The game implementation for the most part followed our intended game design, however it became apparent that some changes would be necessary to make the game run more smoothly. A few days before section each student was assigned the role of a single actor within a team, such as Pericles or Kaiser Wilhelm. Students were asked to do the readings with that actor in mind, taking note of the actor’s personality, position, and motivations. The only assignment that they were asked for was to email the instructor a description of their character’s motivations, the second and third image constraints that they have to navigate, and a strategy for how they intend to behave in the simulation. As facilitators, our pre-class preparation was limited to planning a presentation of the rules, arranging the classroom, and assembling notes about the historical context that might be useful during game play. These notes would include role assignments, maps, the resources and positions of actors, and a list of possible interventions in case the simulation stalled.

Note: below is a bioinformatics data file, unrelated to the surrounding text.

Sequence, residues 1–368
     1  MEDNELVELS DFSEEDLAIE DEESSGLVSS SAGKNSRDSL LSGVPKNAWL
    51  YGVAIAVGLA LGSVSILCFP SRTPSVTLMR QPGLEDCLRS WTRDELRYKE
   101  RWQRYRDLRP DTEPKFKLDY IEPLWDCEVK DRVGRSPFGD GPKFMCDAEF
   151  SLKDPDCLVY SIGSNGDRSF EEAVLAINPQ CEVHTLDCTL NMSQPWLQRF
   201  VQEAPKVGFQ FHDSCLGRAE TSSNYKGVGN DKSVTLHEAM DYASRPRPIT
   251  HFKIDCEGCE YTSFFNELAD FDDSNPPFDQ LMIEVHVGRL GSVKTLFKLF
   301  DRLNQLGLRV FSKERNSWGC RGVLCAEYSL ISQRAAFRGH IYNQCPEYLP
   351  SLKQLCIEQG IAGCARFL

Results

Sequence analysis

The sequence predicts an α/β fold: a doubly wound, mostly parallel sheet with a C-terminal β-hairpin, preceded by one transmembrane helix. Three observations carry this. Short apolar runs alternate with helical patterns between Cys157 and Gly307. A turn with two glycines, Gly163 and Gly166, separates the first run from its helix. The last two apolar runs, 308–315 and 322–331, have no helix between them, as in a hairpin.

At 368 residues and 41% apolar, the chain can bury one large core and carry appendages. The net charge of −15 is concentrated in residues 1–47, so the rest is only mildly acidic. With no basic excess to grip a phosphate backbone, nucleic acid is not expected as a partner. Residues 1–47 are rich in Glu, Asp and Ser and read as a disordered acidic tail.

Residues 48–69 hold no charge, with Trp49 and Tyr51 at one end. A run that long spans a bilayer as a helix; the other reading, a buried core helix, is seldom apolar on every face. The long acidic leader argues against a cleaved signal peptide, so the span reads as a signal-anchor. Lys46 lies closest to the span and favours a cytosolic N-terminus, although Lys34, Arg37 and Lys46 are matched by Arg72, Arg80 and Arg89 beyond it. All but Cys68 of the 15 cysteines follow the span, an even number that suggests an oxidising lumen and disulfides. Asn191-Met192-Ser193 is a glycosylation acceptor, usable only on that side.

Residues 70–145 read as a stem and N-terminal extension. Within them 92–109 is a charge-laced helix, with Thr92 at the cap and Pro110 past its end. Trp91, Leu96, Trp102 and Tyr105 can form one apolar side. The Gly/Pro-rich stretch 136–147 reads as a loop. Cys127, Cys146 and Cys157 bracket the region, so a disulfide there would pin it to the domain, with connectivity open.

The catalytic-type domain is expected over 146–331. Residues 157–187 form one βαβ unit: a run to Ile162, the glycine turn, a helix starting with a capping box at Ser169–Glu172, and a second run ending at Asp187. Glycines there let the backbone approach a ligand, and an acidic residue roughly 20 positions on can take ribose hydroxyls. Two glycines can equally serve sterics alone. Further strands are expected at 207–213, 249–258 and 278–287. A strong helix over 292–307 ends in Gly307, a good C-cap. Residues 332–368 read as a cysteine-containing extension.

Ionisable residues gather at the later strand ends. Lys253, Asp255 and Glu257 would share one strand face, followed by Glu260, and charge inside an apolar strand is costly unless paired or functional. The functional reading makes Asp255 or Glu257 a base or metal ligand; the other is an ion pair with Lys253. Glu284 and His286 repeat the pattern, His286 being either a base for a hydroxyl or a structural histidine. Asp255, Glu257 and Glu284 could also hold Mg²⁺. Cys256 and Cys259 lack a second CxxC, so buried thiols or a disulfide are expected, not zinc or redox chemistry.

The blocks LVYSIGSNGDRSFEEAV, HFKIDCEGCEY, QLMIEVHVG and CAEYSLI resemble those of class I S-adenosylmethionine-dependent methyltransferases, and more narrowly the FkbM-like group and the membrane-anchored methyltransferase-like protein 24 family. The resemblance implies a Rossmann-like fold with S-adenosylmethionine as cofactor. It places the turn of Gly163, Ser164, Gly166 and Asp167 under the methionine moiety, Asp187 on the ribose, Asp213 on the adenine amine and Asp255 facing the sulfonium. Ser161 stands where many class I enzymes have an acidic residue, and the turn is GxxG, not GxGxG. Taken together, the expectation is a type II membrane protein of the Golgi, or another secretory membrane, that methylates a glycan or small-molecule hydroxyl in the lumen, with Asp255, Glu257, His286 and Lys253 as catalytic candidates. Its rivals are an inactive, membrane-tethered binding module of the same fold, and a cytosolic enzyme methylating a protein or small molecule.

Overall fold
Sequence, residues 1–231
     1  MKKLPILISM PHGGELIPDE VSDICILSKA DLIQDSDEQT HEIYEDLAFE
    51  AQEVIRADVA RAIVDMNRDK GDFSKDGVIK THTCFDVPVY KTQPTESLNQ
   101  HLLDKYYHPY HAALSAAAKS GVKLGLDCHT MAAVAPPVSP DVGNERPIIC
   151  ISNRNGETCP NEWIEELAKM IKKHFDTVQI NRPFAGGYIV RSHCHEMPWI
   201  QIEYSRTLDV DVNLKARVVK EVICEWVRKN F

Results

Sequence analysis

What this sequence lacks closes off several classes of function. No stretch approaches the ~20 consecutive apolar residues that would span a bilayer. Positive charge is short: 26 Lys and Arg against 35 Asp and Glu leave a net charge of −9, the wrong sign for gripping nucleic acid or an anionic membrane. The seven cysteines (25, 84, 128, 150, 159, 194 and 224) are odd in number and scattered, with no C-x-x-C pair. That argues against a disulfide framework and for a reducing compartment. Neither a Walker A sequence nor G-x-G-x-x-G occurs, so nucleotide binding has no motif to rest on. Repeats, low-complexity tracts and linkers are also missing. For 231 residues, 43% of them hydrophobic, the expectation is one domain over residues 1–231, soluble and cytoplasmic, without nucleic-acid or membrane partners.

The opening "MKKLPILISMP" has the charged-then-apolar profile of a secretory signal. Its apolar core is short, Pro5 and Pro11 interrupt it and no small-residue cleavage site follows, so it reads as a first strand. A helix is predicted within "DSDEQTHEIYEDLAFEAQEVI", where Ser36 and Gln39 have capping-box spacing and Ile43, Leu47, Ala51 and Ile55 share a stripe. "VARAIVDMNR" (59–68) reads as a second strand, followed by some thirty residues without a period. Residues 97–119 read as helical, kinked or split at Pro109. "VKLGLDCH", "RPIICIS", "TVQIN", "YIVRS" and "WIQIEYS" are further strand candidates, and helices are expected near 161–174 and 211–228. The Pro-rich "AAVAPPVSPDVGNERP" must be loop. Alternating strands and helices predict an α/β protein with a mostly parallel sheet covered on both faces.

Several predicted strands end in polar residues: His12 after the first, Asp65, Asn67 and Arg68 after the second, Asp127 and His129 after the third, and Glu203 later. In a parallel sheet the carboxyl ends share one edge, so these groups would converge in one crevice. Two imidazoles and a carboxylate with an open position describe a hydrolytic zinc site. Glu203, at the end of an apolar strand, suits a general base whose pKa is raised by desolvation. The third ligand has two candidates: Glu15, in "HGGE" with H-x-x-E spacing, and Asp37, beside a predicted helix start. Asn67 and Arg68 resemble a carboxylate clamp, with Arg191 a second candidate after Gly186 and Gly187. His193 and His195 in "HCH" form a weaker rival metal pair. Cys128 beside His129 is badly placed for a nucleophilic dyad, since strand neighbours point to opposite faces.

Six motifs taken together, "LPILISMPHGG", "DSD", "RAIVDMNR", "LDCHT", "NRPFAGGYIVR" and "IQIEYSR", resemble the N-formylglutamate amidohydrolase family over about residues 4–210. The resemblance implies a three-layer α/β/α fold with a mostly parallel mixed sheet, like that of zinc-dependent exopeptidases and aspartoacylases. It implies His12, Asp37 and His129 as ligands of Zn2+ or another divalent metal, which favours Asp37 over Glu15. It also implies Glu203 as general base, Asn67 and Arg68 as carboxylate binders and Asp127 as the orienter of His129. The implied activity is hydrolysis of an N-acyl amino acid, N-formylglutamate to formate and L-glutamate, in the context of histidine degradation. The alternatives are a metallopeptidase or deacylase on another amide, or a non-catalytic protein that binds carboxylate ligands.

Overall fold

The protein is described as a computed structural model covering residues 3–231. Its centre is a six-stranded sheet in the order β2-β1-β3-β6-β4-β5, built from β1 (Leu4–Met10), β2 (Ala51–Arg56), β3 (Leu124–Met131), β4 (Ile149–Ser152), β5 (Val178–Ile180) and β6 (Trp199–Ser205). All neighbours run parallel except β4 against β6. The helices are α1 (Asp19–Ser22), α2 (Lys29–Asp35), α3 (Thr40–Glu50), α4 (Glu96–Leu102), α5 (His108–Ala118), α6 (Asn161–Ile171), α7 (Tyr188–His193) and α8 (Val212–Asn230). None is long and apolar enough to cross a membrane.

Once advanced preparations were made the simulation could be confidently run in a single class session. Before the students showed up, instructors arranged the classroom into islands of tables, each having a placard indicating the political unit of a respective team. To that end having a classroom with movable furniture is advantageous. Students arrive to class without knowing exactly at what point in history the simulation will begin. This was done to prevent students from ignoring earlier parts of the conflict while still allowing alternate outcomes to emerge. In both cases the specific historical starting point was a key turning point that sparked or accelerated the conflict. The instructor begins the class by giving a brief explanation of the rules of the simulation. Following a brief pause for questions, the instructor lays out the historical scenario from which the simulation begins. At this point it may be helpful to call upon students from different teams to give a brief account of their situation at the beginning of the simulation as a collective refresher for the class. With the scenario laid out, the simulation can begin.